Karen Grace-Martin

When the Hessian Matrix Goes Wacky

December 20th, 2023 by

If you have run mixed models much at all, you have undoubtedly been haunted by some version of this very obtuse warning: “The mixed model Hessian (or G or D) Matrix is not positive definite. Convergence has stopped.”

Or “The Model has not Converged. Parameter Estimates from the last iteration are displayed.”

What on earth does that mean?

Let’s start with some background. If you’ve never taken matrix algebra, (more…)


The Wide and Long Data Format for Repeated Measures Data

December 2nd, 2023 by

One issue in data analysis that feels like it should be obvious, but often isn’t, is setting up your data.

The kinds of issues involved include:

  • What is a variable?stage 1
  • What is a unit of observation?
  • Which data should go in each row of the data matrix?

Answering these practical questions is one of those skills that comes with experience, especially in complicated data sets.

Even so, it’s extremely important. If the data isn’t set up right, the software won’t be able to run any of your analyses.

And in many data situations, you will need to set up the data different ways for different parts of the analyses. (more…)


The Effect Size: The Most Difficult Step in Calculating Sample Size Estimates

June 12th, 2023 by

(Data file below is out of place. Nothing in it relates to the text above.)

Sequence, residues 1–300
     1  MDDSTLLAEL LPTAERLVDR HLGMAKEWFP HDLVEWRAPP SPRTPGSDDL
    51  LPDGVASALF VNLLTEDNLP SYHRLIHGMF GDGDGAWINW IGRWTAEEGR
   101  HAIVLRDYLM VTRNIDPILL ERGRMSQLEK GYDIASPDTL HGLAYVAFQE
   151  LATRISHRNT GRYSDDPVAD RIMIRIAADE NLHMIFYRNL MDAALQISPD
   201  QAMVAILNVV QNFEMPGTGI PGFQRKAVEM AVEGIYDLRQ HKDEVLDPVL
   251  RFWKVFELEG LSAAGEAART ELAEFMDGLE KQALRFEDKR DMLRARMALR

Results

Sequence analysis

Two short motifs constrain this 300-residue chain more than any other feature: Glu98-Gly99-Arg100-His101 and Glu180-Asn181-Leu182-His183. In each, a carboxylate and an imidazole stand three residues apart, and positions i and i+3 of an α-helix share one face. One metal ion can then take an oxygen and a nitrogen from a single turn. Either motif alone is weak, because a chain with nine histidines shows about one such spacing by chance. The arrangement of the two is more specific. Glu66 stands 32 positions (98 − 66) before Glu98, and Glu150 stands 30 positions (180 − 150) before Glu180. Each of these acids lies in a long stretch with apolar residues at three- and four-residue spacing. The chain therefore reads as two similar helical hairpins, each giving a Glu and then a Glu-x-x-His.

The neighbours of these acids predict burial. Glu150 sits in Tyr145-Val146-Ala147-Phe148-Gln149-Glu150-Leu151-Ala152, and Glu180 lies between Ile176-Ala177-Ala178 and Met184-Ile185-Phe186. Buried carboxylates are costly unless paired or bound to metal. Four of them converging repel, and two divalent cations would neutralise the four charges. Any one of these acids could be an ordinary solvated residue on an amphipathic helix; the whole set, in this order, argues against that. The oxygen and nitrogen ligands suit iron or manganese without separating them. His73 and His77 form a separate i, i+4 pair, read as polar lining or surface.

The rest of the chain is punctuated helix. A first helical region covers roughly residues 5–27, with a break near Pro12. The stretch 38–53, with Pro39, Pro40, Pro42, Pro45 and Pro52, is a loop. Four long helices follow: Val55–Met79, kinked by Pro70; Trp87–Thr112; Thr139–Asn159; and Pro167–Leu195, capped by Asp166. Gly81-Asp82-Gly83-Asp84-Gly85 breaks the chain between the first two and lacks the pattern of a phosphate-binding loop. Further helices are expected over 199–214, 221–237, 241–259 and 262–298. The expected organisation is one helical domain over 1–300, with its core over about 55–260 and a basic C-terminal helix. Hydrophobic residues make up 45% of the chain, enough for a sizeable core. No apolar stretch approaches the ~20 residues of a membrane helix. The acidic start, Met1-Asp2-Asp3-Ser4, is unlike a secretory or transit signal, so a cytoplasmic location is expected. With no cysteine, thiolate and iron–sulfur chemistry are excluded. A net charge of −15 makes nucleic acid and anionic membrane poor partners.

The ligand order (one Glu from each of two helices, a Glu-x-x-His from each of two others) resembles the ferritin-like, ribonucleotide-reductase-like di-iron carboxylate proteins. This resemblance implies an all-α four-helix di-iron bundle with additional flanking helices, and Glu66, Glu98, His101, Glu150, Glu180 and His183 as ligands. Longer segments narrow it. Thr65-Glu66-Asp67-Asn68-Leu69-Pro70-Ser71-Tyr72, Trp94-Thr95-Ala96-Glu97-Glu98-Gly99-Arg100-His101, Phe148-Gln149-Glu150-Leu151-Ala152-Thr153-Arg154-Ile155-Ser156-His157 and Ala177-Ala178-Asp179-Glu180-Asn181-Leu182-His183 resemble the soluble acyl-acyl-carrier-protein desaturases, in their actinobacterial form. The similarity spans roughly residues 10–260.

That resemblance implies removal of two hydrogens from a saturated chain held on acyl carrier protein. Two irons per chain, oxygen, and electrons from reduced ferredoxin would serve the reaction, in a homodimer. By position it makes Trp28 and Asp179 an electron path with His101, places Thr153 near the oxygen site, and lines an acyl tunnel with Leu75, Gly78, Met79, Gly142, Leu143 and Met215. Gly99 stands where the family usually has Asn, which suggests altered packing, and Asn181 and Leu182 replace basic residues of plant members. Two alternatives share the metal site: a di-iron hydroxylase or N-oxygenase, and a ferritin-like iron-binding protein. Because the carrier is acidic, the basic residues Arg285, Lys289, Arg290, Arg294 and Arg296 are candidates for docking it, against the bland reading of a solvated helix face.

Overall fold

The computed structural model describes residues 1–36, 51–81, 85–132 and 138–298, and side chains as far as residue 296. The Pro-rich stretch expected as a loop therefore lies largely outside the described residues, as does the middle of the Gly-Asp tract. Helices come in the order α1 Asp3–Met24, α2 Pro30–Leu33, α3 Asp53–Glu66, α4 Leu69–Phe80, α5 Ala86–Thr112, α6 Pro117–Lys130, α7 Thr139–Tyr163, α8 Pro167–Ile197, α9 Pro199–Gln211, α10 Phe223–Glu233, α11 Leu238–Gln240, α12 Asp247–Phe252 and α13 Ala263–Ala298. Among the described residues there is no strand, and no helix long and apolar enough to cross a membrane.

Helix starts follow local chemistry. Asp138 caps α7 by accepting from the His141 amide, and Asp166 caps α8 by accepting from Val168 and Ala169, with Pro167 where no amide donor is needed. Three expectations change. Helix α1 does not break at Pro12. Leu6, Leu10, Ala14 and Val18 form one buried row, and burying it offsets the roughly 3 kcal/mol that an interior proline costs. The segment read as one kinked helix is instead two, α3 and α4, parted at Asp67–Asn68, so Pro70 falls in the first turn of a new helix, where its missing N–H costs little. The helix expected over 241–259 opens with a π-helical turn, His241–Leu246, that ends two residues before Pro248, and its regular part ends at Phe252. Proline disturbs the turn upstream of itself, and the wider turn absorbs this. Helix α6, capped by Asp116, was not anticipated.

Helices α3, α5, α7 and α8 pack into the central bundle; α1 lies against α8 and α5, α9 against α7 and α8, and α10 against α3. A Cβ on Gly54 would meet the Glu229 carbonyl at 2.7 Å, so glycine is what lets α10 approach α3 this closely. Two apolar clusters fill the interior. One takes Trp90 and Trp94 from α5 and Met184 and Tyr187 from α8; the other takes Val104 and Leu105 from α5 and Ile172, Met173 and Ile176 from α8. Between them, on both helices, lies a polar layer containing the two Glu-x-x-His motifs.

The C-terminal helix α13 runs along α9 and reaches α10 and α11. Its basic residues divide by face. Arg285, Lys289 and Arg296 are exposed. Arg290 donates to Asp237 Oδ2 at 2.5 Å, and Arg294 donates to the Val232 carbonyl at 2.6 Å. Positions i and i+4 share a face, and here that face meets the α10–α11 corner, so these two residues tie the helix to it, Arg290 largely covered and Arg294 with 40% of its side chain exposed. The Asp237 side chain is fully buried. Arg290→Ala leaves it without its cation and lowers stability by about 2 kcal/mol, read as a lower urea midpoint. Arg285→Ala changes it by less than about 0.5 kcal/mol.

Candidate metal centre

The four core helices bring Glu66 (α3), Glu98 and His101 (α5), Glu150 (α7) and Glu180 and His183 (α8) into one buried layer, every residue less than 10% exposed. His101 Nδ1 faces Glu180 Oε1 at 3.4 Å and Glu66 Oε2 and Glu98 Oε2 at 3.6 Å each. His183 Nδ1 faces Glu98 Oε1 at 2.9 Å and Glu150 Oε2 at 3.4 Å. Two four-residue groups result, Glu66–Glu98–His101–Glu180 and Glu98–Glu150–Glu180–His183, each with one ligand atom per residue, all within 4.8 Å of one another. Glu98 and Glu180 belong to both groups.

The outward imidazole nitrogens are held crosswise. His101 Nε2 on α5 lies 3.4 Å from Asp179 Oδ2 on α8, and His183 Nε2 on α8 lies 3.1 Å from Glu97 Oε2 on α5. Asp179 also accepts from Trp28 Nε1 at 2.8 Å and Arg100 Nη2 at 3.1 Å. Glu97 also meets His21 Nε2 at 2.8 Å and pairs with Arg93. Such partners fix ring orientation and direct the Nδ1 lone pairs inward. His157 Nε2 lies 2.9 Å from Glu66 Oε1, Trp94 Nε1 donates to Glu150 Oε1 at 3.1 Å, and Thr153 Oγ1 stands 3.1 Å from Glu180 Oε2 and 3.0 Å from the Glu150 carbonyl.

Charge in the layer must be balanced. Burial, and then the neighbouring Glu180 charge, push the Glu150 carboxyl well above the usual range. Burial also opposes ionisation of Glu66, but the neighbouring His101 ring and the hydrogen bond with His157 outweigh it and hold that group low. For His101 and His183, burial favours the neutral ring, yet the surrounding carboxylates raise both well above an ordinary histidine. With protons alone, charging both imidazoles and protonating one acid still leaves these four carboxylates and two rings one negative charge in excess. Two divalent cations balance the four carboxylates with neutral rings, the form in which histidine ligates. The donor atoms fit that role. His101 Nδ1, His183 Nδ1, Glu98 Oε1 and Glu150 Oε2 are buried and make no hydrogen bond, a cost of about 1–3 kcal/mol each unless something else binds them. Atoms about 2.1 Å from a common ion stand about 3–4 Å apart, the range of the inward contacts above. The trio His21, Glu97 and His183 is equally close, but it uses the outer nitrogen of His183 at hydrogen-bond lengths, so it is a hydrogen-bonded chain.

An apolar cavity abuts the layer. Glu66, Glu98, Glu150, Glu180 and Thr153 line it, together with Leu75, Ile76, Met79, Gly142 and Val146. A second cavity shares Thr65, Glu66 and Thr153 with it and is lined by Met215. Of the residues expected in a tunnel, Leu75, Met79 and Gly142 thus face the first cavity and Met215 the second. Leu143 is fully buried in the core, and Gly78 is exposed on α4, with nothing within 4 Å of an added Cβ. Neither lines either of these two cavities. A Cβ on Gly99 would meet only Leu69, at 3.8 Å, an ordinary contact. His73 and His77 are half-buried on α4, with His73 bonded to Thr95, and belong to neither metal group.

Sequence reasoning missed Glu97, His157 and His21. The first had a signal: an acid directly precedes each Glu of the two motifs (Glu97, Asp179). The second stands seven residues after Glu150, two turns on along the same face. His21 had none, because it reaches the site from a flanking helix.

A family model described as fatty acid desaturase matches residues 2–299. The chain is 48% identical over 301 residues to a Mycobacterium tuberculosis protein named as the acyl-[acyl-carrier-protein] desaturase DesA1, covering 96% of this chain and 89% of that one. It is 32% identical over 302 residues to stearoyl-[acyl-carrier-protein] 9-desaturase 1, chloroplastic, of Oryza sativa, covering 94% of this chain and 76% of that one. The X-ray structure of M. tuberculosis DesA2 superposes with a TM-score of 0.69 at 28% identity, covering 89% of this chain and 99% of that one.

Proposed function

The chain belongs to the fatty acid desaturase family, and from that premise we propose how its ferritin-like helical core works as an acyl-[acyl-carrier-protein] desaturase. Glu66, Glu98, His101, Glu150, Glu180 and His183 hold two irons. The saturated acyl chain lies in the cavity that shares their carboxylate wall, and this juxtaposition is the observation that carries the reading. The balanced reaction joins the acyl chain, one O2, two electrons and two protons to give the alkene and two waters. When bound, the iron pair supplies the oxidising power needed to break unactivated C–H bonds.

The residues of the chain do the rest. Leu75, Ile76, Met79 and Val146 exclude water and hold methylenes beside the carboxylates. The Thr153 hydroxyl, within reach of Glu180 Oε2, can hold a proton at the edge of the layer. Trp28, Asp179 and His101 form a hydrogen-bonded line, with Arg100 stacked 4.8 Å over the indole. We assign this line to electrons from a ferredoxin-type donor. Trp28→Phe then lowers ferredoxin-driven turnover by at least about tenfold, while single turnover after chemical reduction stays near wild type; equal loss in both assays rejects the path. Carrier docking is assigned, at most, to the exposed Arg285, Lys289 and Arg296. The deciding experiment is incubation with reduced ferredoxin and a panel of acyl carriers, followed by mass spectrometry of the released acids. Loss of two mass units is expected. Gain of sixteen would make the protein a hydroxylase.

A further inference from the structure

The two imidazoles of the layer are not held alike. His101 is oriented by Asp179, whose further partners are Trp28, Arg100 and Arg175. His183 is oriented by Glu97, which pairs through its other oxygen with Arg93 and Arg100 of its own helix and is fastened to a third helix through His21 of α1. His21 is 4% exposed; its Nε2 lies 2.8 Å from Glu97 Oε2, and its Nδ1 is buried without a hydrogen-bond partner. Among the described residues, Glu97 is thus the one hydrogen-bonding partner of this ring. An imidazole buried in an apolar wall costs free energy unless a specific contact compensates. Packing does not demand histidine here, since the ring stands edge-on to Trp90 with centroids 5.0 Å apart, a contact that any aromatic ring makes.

One of the most difficult steps in calculating sample size estimates is determining the smallest scientifically meaningful effect size.

Here’s the logic:

The power of every significance test is based on four things: the alpha level, the size of the effect, the amount of variation in the data, and the sample size.

You will measure the effect size in question differently, depending on which statistical test you’re performing. It could be a mean difference, a difference in proportions, a correlation, regression slope, odds ratio, etc.

When you’re planning a study and estimating the sample size needed for (more…)


Can Likert Scale Data ever be Continuous?

January 19th, 2023 by

A very common question is whether it is legitimate to use Likert scale data in parametric statistical procedures that require interval data, such as Linear Regression, ANOVA, and Factor Analysis.

A typical Likert scale item has 5 to 11 points that indicate the degree of something. For example, it could measure agreement with a statement, such as 1=Strongly Disagree to 5=Strongly Agree. It can be a 1 to 5 scale, 0 to 10, etc. (more…)


Getting Started with SPSS Syntax

December 22nd, 2022 by

spss-logoYou may have heard that using SPSS syntax is more efficient, gives you more control, and ultimately saves you time and frustration.  It’s all true.

….And yet you probably use SPSS because you don’t want to code.  You like the menus.

I get it.

I like the menus, too, and I use them all the time.

But I use syntax just as often.

At some point, if you want to do serious data analysis, you have to start using syntax.  (more…)


Three SPSS Shortcuts that Make Life Easier

October 24th, 2022 by

Okay, maybe these SPSS shortcuts won’t make your whole life easier, but it will help your work life, at least the SPSS part of it.

When I consult with researchers, a common part of that is going through their analysis together.  Sometimes I notice that they’re using some shortcut in SPSS that I had not known about.

Or sometimes they could be saving themselves some headaches.

So I thought I’d share three buttons you may not have noticed before that will make your data analysis more efficient.

(more…)